Degenerate/regex pattern Database Searching Software

Harry Mangalam mangalam at uci.edu
Mon Feb 17 20:25:19 EST 1997

Hi All,

   Before I spend more than few hours on coding this, does anyone know
if it

To wit:  A program (any platform) that will search files or databases
very degenerate sequences (with errors) and will further do proximity
matching on those hits that are returned.  So perhaps I want to search
Genbank or other database for 3 patterns that are essentially regular
expressions (WITH a certain number of errors allowed): ie 

pattern a = cyrr{4,7}gcnt{,7}gat        (1 error allowed in any
pattern b = tgga{2,5)gyrtg              (no errors allowed) 
pattern c = gtn{4,7}<tgagt>t{1,4}gc     (1 error allowed outside of <>)

where the {m,M} notation follows the regex rules for m=minimum #,
as for programs like the grep family and <> indicate patterns that must
preserved with no errors.

and further, I want the hits to be reported (graphically, if possible)
only if:

pattern A is < 3000 bases from pattern B
pattern B is > 2000 bases from pattern C

I know of Wu and Manber's amazing/approximate agrep which does most of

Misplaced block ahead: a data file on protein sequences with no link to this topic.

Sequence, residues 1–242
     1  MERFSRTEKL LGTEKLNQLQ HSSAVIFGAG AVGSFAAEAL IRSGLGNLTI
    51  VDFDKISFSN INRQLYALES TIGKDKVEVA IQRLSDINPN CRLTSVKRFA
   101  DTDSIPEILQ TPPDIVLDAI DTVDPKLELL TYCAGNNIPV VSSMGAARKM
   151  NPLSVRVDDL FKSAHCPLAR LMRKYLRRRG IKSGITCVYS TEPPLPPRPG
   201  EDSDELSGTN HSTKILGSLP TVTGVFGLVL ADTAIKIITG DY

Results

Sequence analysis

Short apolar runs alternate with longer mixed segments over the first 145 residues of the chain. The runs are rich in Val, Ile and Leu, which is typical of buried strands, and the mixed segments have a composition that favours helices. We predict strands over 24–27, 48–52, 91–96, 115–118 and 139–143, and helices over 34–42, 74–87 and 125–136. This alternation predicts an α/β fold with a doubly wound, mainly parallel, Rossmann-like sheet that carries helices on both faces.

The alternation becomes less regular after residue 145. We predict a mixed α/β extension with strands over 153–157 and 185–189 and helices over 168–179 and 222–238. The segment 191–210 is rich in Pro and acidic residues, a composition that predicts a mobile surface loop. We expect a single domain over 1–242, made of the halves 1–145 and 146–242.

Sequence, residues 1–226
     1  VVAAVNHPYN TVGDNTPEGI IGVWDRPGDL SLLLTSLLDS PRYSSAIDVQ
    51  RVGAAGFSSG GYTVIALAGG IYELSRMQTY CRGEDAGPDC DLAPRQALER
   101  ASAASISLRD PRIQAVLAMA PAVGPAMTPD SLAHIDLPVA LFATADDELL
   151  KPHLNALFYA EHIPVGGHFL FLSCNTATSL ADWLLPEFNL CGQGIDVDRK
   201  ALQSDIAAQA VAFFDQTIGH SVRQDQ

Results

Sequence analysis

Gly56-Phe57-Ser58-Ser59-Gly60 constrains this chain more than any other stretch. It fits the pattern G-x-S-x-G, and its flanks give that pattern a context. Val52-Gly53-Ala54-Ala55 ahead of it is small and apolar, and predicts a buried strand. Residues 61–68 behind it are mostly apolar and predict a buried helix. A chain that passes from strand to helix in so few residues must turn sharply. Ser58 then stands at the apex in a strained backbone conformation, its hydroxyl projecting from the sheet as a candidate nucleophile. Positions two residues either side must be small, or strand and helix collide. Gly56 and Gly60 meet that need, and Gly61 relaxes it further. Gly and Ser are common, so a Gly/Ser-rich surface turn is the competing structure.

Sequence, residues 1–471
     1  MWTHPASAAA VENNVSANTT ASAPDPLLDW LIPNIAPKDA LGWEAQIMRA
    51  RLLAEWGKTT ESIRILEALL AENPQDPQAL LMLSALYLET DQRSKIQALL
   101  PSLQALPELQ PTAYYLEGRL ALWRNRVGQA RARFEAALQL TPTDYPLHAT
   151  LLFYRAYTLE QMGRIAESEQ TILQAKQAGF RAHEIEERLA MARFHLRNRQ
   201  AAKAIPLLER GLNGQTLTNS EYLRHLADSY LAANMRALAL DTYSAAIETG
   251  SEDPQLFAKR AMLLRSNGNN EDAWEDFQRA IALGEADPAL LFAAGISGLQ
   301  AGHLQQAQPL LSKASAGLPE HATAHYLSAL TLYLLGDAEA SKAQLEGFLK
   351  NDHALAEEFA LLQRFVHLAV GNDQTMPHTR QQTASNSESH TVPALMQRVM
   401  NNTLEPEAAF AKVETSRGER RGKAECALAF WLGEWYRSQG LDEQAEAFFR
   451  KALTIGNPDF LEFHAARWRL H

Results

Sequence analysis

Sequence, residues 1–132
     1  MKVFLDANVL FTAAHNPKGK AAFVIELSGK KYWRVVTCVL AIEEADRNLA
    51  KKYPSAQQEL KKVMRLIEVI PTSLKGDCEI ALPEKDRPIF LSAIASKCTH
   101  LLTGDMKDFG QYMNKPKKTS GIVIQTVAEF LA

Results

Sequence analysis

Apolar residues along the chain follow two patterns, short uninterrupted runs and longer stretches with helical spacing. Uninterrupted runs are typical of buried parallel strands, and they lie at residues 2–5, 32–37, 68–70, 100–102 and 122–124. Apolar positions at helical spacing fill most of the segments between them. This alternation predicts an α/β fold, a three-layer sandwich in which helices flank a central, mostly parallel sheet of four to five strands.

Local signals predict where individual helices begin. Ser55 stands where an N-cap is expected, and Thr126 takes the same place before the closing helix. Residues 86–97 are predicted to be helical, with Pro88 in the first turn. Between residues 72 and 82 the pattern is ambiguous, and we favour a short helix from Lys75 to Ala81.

above, but without the variable spacing and is mostly strucutured for
searching, although you can define larger records and Jim Knight
included a
'stripped down' version thereof (grepseq - optimized for biosequences)
in his
very nice 'seqio' pkg, but it doesn't do much of the other proximity
matching and it also doesn't handle regex's, as well as some odd,
in restrictions on the number of patterns that it will return (although
easily changed and recompiled).

There's also the 'findpatterns' that's part of GCG, but grepseq
seems to be far superior to it, even in it's unadulterated form.

Will Entrez do this?  I haven't checked lately, although I certainly

What else am I missing?  There are some reasonably straightforward ways
combining some of the functions in agrep and grepseq, along with writing
glue code that will handle the combinatorial stuff, but if someone has
already done this, I'd rather know now :)

Also, if this isn't available already (freely or not), is anyone (else)
interested in this sort of thing?

Cheers Harry

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